The content of the southern fist from Fujian is also rich in a variety of forms. Here are its main currents: Wuzu-Quan, He-Quan, Lohan-Quan, Da-Quan, Meihua-Zhuang, Lun-Quan and Shaolin-Quan. The Fujian direction also gives priority to physical strength and power.

Branches of the Hubei southern fist are hong-meng chuan, yumeng chuan, sun-meng chuan, and kun-meng chuan.

Hong-quan, Heilong-quan, and Jingtang-quan are all varieties of the Zhajiang southern fist, while Zhoujia-quan, Tulun-quan, and Hukmen fuhu-quan belong to the southern fist of Guangxi province.

In addition to these styles, Sichuan styles are also known; Yu-qia-quan, Bimei-quan. Attack schools such as huquan, zimeng bafa, yong-chun and lun-tsuan belong to the southern fist of Jiangxi province.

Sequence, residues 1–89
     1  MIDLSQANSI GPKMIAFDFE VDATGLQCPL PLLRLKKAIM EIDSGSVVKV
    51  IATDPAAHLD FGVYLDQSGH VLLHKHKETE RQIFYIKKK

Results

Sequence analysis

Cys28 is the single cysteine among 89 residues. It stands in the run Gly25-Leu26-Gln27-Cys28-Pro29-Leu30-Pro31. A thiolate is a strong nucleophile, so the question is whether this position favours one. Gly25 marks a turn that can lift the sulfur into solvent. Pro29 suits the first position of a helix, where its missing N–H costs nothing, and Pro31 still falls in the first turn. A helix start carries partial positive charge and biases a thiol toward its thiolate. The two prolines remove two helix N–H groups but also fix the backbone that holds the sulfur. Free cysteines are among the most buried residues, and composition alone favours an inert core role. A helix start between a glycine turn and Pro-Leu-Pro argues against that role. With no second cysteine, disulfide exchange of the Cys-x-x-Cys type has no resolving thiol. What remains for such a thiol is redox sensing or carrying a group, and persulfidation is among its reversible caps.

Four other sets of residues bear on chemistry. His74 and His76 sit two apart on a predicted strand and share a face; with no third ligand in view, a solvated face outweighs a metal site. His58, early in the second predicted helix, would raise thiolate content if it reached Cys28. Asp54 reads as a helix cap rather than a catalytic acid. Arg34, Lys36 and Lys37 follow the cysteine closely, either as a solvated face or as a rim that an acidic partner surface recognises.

This term and concept was finally formed in the late 19th - early 20th centuries in the metropolitan area of Beijing and Tianjin thanks to the activities of masters of the styles Yang shi Tai chi chuan, Xing-yi chuan of Hebei province and partially Shangxi (represented by the students of Master Li Lo Neng) and Bagua zhan (represented by students of Master Dong Hai Chuan). The styles united on the basis of a common theoretical basis, similarity of training methods and support of intellectual aristocrats and ruling circles of the capital districts. In those days in Beijing, among wushu masters, there was a popular saying "tai chi, wu xing yi, yin yang bagua zhang". The master of xing-xuan Liu Weixian (1862-1936) wrote that at the end of the 19th century, masters of Tai chi chuan (Liu Dequan), xing-xuan (Geng Jishan, Liu Weixian and Li Tsunyi) and bagua zhan (Cheng Tinghua) met in Beijing and became twinned. They decided to merge their styles into one family. Almost all representatives of "Nei Jia" trained and passed on the tradition of training on the basis of three styles, sometimes adding methods of other academic styles of northern directions of wushu. Rare masters of this direction practiced only one style. Directions of Xing and Liuhe quan from Henan province and Chen shi Taiji quan (the same province), although formally belong to the capital's "Nei Jia", but are perceived separately, as their representatives try to preserve the family traditions of their styles.